Gov. Gavin Newson signed more than 800 bills into law by the Oct. 13 deadline. Of those, 18 are designed specifically to increase housing production.
That may not sound like a lot, but these new laws could change the way developments are approved, shifting much control away from local governments.
He also signed legislation funding services for vulnerable homeowners, and strengthening tenants’ rights, including statewide rent control.
“Since taking office in January, my administration has been urgently focused on California’s housing affordability crisis,” Newsom said in a statement released by the governor’s office. “The high cost of housing and rent is putting the squeeze on family budgets, and our housing shortage threatens our economic growth and long-term prosperity.
“In 2019, California has taken urgent action to address this challenge. We’ve invested more in new housing than at any point in our history, and we have created powerful new tools to incentivize housing production. Now we are removing some key local barriers to housing production. This crisis has been more than a half century in the making, and this administration is just getting started on solutions.”
California’s housing shortage has been estimated at 3 to 4 million units, and approvals for new construction are down 12% from last year, in part because many developers are skittish about the near-term economic forecast.
But many contend development is also hampered by overregulation and local slow-growth policies, which this new legislation seeks to upend by removing such barriers to new large-scale development and encouraging the building of accessory dwelling units, also known as ADUs, in-law units or “granny flats.”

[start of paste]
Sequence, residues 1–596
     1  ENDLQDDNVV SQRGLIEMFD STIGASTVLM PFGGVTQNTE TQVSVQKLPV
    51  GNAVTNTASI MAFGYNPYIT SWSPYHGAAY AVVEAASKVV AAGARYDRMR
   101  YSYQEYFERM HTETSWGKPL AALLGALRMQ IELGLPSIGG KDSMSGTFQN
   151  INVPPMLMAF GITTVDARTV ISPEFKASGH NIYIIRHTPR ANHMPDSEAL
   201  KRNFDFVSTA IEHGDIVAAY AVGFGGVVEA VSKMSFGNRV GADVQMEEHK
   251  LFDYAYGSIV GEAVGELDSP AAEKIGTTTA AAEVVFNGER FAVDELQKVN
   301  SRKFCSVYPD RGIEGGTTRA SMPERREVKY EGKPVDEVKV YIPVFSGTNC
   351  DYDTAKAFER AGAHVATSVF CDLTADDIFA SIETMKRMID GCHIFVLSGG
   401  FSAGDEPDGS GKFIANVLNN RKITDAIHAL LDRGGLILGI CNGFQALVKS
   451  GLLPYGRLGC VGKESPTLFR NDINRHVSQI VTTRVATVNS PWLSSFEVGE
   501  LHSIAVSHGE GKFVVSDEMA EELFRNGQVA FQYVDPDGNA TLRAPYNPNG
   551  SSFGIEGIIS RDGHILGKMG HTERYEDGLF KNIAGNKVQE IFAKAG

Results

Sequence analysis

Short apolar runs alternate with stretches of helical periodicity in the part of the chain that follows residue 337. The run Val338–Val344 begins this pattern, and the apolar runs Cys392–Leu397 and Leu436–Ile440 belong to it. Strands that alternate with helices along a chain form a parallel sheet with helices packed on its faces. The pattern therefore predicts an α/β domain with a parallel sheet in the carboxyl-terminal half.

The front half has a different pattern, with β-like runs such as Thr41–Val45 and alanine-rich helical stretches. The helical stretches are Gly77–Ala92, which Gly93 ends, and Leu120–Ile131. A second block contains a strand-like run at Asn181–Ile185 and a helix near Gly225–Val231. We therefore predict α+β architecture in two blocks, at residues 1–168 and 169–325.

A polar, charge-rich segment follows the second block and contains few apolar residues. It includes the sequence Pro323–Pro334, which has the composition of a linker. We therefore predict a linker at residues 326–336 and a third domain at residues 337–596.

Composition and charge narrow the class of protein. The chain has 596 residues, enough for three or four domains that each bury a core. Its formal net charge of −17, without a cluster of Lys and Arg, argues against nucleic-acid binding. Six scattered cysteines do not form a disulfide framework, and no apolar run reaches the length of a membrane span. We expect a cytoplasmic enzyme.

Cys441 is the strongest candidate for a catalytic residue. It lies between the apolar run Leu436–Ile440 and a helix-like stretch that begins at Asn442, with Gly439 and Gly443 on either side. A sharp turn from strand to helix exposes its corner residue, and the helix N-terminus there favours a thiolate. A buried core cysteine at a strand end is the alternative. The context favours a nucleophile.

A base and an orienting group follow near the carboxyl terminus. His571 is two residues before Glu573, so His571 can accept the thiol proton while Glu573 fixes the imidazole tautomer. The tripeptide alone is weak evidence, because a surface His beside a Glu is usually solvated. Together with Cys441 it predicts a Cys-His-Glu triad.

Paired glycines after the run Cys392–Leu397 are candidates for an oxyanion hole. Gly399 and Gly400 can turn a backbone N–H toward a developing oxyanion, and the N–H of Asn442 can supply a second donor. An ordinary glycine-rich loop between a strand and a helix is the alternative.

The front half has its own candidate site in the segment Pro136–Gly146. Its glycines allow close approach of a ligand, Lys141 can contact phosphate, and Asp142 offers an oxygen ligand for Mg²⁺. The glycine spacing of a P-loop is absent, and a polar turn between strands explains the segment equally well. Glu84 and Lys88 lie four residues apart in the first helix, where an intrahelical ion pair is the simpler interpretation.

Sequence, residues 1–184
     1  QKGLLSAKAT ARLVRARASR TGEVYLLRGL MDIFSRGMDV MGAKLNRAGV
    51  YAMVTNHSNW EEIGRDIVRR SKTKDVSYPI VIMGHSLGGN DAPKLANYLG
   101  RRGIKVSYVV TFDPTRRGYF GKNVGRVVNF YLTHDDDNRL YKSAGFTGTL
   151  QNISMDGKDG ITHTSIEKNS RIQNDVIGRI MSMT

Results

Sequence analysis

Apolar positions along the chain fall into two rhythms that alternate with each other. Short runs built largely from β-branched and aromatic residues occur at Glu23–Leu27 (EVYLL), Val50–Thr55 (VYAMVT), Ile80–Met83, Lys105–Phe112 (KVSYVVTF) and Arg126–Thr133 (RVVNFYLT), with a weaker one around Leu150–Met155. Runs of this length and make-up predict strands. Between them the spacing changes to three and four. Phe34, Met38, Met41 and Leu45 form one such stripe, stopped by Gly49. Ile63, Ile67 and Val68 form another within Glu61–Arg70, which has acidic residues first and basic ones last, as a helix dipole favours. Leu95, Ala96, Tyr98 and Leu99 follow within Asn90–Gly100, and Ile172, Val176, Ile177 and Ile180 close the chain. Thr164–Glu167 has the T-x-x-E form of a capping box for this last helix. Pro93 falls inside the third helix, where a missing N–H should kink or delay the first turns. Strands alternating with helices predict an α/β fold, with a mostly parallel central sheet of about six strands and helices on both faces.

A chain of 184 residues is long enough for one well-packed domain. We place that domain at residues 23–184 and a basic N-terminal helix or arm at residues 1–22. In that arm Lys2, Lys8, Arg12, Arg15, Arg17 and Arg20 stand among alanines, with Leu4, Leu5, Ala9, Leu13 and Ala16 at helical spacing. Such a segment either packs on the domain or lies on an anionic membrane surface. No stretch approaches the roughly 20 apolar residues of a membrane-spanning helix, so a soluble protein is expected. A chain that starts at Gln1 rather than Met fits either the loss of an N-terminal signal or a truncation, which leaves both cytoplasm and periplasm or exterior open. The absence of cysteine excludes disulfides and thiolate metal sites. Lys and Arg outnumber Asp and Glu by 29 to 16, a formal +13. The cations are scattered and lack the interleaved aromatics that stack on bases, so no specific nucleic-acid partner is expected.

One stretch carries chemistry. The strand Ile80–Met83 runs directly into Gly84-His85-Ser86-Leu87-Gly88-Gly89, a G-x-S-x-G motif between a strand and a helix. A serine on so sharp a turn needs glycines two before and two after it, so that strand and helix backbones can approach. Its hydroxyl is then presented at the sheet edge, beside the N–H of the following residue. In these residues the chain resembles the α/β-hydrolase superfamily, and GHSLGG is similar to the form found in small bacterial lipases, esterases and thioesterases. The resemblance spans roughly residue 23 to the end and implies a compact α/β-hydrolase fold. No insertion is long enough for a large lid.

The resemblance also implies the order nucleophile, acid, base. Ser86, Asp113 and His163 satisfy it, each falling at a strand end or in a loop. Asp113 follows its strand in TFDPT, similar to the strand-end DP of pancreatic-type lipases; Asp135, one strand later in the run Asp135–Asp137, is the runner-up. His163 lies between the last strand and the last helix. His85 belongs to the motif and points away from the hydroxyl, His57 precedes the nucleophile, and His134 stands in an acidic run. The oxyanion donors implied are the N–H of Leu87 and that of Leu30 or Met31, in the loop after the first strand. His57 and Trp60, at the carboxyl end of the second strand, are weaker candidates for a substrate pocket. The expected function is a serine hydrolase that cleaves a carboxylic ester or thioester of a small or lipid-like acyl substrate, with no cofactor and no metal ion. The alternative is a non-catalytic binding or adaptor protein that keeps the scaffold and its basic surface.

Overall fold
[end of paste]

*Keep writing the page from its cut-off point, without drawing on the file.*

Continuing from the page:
According to the governor’s office, new laws intended to encourage housing development include:
• SB 330. Establishes the Housing Crisis Act of 2019, which aims to streamline permitting and approval processes, ensuring no net loss in zoning capacity, and limits fees after projects are approved. The law limits “downzoning,” or reducing the number of units permitted on a particular space. This means, for example, a local jurisdiction cannot limit construction to single-family homes on lots that were previously zoned for multi-unit buildings. It also limits cities’ ability to impose new building standards that would increase construction costs. The bill is set to expire in 2025, unless renewed by the legislature.
• AB 1763. Gives enhanced density bonuses to developments that are 100% affordable housing.
• AB 116. Removes the requirement that Enhanced Infrastructure Financing Districts receive voter approval prior to issuing bonds.
• AB 1485. Builds on an existing environmental streamlining law and encourages moderate-income housing production.
• AB 1255. Requires cities and counties to report to the state an inventory of its surplus lands in urbanized areas, and to include this information in a digitized inventory of state surplus land sites.
• AB 1486. Expands Surplus Land Act requirements for local agencies, requires local governments to include specified information relating to surplus lands in their housing elements and annual progress reports, and requires the state Department of Housing and Community Development to establish a database of surplus lands, as specified.